Air pollution soared to its highest level in more than a year yesterday, with diesel vehicles singled out as as the worst contributors.
The highest reading of 140 on the air pollution index was recorded in Causeway Bay at 8am. By 2pm, pollution in the area had dropped marginally to 139.
In Mongkok, the reading peaked at 120 at 2pm, while roadside pollution in Central dropped from a high of 114 at 3am to about 100 by early afternoon.
When the air pollution index hits 100, a health warning is issued to those with respiratory or heart disease.
Nitrogen dioxide, a component of vehicle exhausts, was identified as the major contributor to yesterday's pollution, but Sarah Liao Sau-tung, the Secretary for Environment, Transport and Works, said the poor air quality was only 'episodic' and brought about by a lack of wind.
In an effort to clear the air, the government recently introduced an ultra-low sulphur diesel and partly implemented a tighter vehicle emissions standard, known as Euro III.
About 80 per cent (or 24,000) of pre-Euro III light diesel vehicles have since been fitted with a device to reduce particle emissions, and more than 90 per cent of Hong Kong's taxis now run on liquefied petroleum gas.
Dr Liao said yesterday her bureau had also asked bus companies to deploy more low-emission buses in busy streets in Causeway Bay, Central and Mongkok, where long bus queues are common.
'We will be working on capping the emission levels of bus fleets entering the busy areas. If they do not meet the requirement, they might not be allowed to enter the areas,' she said.
But Hung Wing-tat, associate professor at the Polytechnic University's department of civil and structural engineering, said the fact that the current pollution was coming from diesel vehicles was a clear indication the government needed to maintain pressure to improve air quality.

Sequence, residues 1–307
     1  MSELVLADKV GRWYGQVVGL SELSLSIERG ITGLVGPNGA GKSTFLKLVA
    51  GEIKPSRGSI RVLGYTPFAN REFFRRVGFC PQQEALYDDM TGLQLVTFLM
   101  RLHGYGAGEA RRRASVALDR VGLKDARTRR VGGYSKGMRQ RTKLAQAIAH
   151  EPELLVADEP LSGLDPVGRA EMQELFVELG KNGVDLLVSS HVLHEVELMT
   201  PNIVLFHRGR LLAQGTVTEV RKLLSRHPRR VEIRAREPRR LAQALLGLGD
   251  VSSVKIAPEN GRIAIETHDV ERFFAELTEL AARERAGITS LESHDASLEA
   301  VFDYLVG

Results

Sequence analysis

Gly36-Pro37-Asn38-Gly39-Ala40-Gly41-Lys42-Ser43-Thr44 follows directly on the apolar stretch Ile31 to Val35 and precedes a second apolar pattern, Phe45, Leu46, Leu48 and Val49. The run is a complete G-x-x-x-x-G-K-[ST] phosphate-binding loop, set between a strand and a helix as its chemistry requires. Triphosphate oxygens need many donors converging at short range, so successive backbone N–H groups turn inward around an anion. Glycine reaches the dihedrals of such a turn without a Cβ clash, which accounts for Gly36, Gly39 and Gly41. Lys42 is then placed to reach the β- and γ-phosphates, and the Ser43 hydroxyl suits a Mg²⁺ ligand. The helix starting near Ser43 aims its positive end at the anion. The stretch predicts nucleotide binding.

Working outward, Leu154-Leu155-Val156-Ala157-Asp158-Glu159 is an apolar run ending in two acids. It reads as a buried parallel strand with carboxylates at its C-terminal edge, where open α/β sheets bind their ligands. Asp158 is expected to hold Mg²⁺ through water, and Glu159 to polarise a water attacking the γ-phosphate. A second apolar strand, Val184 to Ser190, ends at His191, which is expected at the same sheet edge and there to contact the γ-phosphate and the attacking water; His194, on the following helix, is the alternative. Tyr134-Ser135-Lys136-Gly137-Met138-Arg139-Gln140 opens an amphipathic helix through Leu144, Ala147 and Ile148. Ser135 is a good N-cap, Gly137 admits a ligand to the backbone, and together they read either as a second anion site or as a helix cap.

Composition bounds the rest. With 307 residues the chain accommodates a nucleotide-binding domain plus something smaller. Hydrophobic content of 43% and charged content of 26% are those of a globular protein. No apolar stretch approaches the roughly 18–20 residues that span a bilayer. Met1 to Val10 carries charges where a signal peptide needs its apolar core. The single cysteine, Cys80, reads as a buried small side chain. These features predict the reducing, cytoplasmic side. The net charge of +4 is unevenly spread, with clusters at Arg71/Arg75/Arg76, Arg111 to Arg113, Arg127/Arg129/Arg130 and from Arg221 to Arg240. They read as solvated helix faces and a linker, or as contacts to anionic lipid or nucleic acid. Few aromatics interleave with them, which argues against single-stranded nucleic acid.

'The problem will continue unless we go [wholly] to Euro III, or even higher standards [of emission controls]. Retro-fitting vehicles will not solve the problem because it has little effect on nitrogen oxide,' he warned.
Clear the Air chairman Lincoln Chan said: 'The government has done a lot of things, but not enough. When you compare 2001 and 2002 figures, air quality should be improving.'
Yesterday's reading at Causeway Bay was the highest roadside reading since January 7 last year, when it rose to 140 after a high of 153 at the same station on January 1 last year.
The highest readings at general stations yesterday were 105 at Kwai Chung and 104 at Kwun Tong. The record high for the air pollution index is 185, reached at the airport town of Tung Chung on September 9 last year.
Anthony Hedley, chair of community medicine at the University of Hong Kong, said the high pollution was 'totally unacceptable'.
'Pollutants, even at very much lower levels, cause damage to people's health and result in early death,' he said.
Friends of the Earth campaign director Daphne Mah Ngar-yin called on the government to do more. 'The government has underestimated the wide-scale application of renewable energy in Hong Kong,' she said.